Brooklyn Street Art

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Regent of the People for Real

Posted on July 7, 2008

Fauxreel Puts Up Ambitious 11 Piece Project

Oh My Gods, is That Thing Real? (photo Dan Bergeron)

Oh My Gods, is That Thing Real? (photo Dan Bergeron)

Well known these days as a Brooklyn street artist, Fauxreel is frequently pasting his singular figures in an unexpected context, catching your attention as you pass the construction site, or abandoned doorway.  Part sociology, part dry eyed tribute, his eclectic collection of black and white portraits have a weight and a presence that may make you do a double-take; or stop and ask them what they are saying.

Lately they’ve been saying a lot, and Dan Bergeron, the artist known as Fauxreel, has been up to his elbows in buckets of sticky wheatpaste and the concept of community, as it applies to Toronto neighbors in a place called Regent Park.

Working directly with people who live there, his latest project has strengthened ties, encouraged voices, and is bringing a great deal of  attention to the displacement that can occur when the wheels of progress roll into town.  Our interview reveals an artist committed to building bridges and pushing his own creative boundaries.

(photo Dan Bergeron)

(photo Dan Bergeron)

Brooklyn Street Art: What’s the first thing someone needs to know about Regent Park if they come to Toronto?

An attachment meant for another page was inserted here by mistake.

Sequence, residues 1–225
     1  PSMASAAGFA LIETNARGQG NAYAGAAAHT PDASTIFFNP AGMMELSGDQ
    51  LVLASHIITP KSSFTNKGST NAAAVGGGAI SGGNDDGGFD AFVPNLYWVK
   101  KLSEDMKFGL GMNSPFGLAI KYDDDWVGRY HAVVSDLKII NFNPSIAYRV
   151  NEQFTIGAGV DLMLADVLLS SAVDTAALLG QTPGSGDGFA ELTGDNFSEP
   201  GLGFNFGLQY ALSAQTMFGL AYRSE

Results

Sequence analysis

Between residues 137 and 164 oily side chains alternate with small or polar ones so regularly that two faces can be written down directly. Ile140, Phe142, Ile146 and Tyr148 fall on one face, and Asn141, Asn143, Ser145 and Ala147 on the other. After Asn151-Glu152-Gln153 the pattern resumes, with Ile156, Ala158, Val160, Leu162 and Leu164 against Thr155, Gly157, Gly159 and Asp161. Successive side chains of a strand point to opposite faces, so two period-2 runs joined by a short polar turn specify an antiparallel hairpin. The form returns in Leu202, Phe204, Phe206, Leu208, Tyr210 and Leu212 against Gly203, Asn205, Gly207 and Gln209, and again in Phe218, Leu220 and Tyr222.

Fauxreel: Regent Park is Canada’s oldest social housing project, being built in the 1940’s. It is made up of an ethnically diverse range of residents, with over 50 % of the people living there under the age of 18. Although it’s located in downtown Toronto, you most likely won’t pass through Regent Park unless you’re visiting friends and family who live there. Currently, the buildings in Regent Park are being torn down and redeveloped in smaller sections – and rightfully so as they are in ill repair – to make way for newer dwellings; much taller and mixed use, meaning lower income-geared and market rates. As the mix is changing both physically and socially, many people wonder if the same sense of community will remain after the redevelopment occurs.

Ashley keeping it real. (Photo by Dan Bergeron)

Ashley keeping it real. (Photo by Dan Bergeron)

Brooklyn Street Art: Many cities, including Brooklyn, have seen a rapid increase in the pace of gentrification in the last 10 years as real estate developers mow down neglected areas and build instant neighborhoods for a moneyed class.  How has Toronto been affected?

Fauxreel: Similar to Brooklyn, Toronto is in the midst of numerous housing and commercial property developments in and around the city’s core. As our society is shifting from living in suburbs, as our parent’s generation chose, to living in the city again, we’re finding the demographics of those living in the city are changing. In Toronto this has forced some people to move to different neighborhoods that are less expensive and further away from the downtown if they weren’t homeowners, or to pay a similar rent for less space.

Obviously this makes it harder for artists to find large industrial spaces for affordable rents, and it also forces out some mom and pop operations from neighborhoods because their business cannot afford the increased leases. On the other side of the coin, many people made a killing on selling their properties in the city and have more money than they ever dreamed of to build retirement properties outside of the city.

For me, what’s been most annoying or tragic is the loss of buildings, business and public spaces that I grew up frequenting and identifying with. When this happens, not only has a part of the city’s history been removed, but also part of your personal history as well.